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First Ascent of the Southwest Buttress of Mt. Waddington, B.C.

​Over two days, three climbers forged a new mixed line up the remote Southwest Buttress of Mt. Waddington (northwest summit) in British Columbia. They reached the summit on August 18—claiming the first ascent of the 800-meter, 20-pitch route, which they graded 5.11+ WI3 M5 ED1.

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New route on the Southwest Buttress of Mt. Waddington, B.C., highlighted in red. Photo courtesy of Mayan Smith-Gobat.For two days, Paul McSorley, Mayan Smith-Gobat, and Ines Papert forged a new mixed line up the remote Southwest Buttress of Mt. Waddington (northwest summit) in British Columbia. They reached the summit on August 18—claiming the first ascent of the 800-meter, 20-pitch route, which they graded 5.11+ WI3 M5 ED1. The team bivied below the summit and descended to base camp, via Angel Glacier to Dais Couloir and Dais Glacier, the next day.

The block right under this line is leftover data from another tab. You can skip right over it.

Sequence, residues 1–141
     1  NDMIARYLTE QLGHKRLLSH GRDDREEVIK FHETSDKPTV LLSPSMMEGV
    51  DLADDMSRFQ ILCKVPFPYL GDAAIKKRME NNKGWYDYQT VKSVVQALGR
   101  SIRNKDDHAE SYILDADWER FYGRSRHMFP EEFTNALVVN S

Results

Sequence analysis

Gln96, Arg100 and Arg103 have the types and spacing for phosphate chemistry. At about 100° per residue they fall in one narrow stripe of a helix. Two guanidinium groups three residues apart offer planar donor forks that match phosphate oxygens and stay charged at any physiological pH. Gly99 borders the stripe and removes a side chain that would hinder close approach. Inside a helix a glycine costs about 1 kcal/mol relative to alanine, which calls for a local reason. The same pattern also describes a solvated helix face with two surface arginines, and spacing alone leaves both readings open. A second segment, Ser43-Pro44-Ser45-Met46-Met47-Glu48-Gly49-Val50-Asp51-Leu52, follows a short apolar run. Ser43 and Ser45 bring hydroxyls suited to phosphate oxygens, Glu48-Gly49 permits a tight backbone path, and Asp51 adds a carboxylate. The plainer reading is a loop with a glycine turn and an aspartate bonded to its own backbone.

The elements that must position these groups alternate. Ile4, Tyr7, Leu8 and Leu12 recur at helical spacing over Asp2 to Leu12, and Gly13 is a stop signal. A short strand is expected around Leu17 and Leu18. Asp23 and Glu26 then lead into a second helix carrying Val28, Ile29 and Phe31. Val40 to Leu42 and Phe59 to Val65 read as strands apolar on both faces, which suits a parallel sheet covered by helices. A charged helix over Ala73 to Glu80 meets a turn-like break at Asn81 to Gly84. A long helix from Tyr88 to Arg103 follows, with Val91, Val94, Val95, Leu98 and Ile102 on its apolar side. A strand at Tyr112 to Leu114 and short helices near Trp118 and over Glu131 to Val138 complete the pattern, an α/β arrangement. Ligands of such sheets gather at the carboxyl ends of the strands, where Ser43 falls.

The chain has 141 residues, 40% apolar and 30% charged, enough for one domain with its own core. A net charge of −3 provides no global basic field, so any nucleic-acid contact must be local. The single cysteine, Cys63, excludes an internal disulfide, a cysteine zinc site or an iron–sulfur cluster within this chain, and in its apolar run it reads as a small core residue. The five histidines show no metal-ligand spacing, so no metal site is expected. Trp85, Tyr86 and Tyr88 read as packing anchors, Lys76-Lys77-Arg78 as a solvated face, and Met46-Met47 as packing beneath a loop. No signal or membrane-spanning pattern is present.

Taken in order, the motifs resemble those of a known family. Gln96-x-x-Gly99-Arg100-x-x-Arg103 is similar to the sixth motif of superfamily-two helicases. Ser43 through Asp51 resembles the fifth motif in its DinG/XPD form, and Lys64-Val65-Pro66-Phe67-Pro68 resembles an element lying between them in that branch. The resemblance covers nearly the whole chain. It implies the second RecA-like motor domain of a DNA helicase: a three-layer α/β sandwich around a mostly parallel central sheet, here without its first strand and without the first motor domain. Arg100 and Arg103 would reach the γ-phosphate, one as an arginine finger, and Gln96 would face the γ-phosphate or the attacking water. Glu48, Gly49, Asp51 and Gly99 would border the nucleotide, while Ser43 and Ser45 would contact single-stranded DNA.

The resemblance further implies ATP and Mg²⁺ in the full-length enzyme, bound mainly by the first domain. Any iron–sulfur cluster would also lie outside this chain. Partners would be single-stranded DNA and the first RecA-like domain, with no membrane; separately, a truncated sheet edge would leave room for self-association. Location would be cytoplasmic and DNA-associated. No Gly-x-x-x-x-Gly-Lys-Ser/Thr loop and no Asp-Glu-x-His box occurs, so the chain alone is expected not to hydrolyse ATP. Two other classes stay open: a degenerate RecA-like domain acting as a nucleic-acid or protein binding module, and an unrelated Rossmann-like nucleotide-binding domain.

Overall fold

“As far as I know, there have been two other attempts on the SW Buttress,” McSorley told Rock and Ice. “Though this may be the most technically difficult route on all of Wadd, I am sure that there are plenty of burly routes up to the main summit.”

Harsh conditions and the difficulty of reaching the southwest side of Mt. Waddington, along the coast, have deterred many from attempting the buttress.

In September of 2011, Tony Richardson and Jason Kruk came within two pitches of the summit ridge on the Southwest Buttress before deteriorating rime ice forced them to bail. They had approached the wall by powerboat, raft and foot from Twist Lake over the course of a week.

Check out the newest issue of Rock and Ice (230) for a feature about the ascent written by Mayan Smith-Gobat.